Saturday

August 1, 2015

August 1, 2015

Posted by **eric** on Monday, September 10, 2007 at 9:43am.

Art

Business

Computers

English

Foreign Languages

Health

Home Economics

Mathematics

Music

Physical Education

Science

Social Studies

Features

Contribute

Download

Experts

Forum

Job Openings

Homework Tips

Libraries.Jiskha

Link to Us

Reference

School Supplies

Search

Homework Help Forum: math

Current Questions | Post a New Question | Answer this Question | Further Reading

Posted by eric on Monday, September 10, 2007 at 9:42am in response to math.

download mp3 free instrumental remix

ahh !@#$%^& son, i see wat u mean

Two people have 10 dollars to divide between themselves. they use the following procedure. each person names a number of dollars (nonnegative integer), at most equal to 10. IF the sum of the amounts that the people name exceeds 10 and the amounts named are different, then the person who named the smaller amount receives that amount and the other person receives the remaining money. if the sum of the amounts that the people name exceeds 10 and the amounts are the same, each person receives 5 dollars. determine the best response of each player to each of the other players' actions and thus find the nash equilibria

I need to know how this answer is gotten, so plz show or tell me how work done

players : two individuals

actions : each players' set of actions is the set of effort levels (non negative numbers)

preferences : player i's pereferences are representede by the payoff function Ai(c+Aj-Ai)

To find the nash equilibria we can construct and analyze the players best response functions. given Aj, in dividual i's payoff is a quadratic function of Ai that is zero when Ai=0 and when Ai=C+Aj, and reaches a maximum in between. the symmetry of quadratic functions implies that the best response of each individual i to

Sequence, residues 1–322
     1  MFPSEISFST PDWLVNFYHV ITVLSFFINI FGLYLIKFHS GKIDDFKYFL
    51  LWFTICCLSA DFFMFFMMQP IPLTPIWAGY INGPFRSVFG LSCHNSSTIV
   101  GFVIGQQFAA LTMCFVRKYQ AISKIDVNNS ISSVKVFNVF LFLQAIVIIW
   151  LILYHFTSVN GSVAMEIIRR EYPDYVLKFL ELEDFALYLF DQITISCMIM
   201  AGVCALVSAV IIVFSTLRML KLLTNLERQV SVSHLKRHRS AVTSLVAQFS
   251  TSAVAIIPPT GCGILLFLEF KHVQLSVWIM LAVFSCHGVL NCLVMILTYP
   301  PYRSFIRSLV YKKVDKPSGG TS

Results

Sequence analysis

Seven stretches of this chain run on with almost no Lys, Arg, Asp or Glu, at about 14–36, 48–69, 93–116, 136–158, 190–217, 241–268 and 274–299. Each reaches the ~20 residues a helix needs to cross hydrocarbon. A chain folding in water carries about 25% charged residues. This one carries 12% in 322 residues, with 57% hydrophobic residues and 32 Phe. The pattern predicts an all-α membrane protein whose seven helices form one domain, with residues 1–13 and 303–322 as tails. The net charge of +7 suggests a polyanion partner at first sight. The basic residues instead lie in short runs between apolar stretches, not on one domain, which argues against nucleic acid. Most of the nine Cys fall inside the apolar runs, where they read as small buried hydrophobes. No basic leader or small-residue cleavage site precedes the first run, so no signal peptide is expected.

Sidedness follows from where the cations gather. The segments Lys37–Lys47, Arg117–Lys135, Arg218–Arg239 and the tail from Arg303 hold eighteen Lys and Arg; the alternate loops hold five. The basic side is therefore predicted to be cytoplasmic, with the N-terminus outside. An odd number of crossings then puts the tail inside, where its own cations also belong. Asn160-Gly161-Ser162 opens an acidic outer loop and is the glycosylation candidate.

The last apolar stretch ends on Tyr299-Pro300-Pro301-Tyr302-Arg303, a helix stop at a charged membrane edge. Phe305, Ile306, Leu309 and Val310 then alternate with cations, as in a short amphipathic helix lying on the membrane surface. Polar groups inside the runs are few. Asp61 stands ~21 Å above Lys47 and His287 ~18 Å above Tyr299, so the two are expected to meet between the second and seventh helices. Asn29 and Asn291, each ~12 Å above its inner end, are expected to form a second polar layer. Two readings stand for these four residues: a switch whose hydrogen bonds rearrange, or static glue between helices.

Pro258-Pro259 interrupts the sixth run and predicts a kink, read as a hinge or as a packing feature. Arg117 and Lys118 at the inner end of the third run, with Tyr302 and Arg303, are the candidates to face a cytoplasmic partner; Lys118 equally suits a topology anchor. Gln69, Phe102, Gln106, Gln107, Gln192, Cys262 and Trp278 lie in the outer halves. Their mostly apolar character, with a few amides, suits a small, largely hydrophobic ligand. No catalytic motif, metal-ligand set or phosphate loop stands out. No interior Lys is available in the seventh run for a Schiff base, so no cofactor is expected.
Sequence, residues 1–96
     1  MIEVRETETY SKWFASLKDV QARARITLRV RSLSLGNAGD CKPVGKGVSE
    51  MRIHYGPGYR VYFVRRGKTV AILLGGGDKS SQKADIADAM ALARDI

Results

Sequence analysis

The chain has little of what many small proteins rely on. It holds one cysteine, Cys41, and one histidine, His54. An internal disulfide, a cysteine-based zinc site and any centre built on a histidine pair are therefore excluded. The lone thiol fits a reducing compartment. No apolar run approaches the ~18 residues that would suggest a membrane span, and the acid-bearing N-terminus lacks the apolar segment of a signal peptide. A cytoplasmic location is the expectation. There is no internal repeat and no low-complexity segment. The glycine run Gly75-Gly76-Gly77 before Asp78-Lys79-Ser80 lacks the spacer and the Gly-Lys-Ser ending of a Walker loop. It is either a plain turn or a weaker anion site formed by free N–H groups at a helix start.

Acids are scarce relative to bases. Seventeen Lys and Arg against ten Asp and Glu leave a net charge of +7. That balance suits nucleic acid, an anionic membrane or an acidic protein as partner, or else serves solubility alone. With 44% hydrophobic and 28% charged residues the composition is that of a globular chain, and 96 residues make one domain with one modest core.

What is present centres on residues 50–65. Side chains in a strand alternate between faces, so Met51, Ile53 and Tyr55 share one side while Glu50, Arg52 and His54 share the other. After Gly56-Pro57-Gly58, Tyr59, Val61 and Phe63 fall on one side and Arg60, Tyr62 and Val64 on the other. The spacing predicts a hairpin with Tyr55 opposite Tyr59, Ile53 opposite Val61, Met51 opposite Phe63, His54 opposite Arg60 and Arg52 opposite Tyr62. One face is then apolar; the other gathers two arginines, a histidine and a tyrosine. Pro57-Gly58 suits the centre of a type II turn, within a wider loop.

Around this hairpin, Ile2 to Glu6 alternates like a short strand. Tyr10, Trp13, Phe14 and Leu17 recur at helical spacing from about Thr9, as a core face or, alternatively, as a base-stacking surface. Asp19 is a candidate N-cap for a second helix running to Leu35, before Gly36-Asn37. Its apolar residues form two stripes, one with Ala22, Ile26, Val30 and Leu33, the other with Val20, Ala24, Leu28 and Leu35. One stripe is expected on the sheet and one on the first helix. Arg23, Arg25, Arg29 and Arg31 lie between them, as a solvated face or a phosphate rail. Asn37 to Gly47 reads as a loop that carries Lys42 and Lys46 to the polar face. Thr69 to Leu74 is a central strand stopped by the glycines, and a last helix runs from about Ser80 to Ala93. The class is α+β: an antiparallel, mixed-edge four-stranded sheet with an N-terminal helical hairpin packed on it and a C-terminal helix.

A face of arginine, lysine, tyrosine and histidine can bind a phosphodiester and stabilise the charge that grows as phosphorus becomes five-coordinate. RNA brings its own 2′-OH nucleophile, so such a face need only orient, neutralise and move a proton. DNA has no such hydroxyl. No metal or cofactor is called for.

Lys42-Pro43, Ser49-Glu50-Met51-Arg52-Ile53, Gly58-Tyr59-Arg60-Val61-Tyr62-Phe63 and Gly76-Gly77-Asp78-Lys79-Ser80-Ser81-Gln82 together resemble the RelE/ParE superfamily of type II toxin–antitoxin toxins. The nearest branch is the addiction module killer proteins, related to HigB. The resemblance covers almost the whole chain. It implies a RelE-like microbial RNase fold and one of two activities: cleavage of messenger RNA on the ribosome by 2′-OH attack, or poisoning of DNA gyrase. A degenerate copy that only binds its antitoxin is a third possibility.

Aj is Bi(Aj) = 1/2(C+Aj)

if u know calc, you can reach the same conclusion by setting the derivative of player i's payoff with respect to Ai equal to zero.

For Further Re

- math, economics, game theory -
**eric**, Monday, September 10, 2007 at 9:46amTwo people have 10 dollars to divide between themselves. they use the following procedure. each person names a number of dollars(nonnegative integer) at most equal to 10. if the sum of the amounts that the people name is at most 10, then each person receives the amount of money she named and remainder is destroyed. if the sum of the amounts that the people name exceeds 10 and the amounts named are different, then the person who named the smaller amount receives that amount and the other person receives the reemaining money. if the sum of the amounts that the people name exceeds 10 and the am ounts named are the same, then each person receives 5 dollars. determine the best response of each player to each of the other players' actions to find the nash equilibria.

a guideline on how the book says to do this is posted in the previous question i did about this...just scroll down a bit to MATH-eric

- math, economics, game theory -
**economyst**, Monday, September 10, 2007 at 11:32amFirst of all, Nash Equilibrium analyses are pretty advanced stuff. I understand the basics. However, I could be out of my league with anything advanced. Especially if you want to apply some differential function (calculas) to possible responses as you suggest in your earlier post.

As you probably have discovered, the hard part to a nash equilibria is deciding what the other guy's initial position will be. Once that's done, everything falls into place.

I need to think about this problem some more.

Sorry for the lack of specifics, and lottsa luck.

- math, economics, game theory -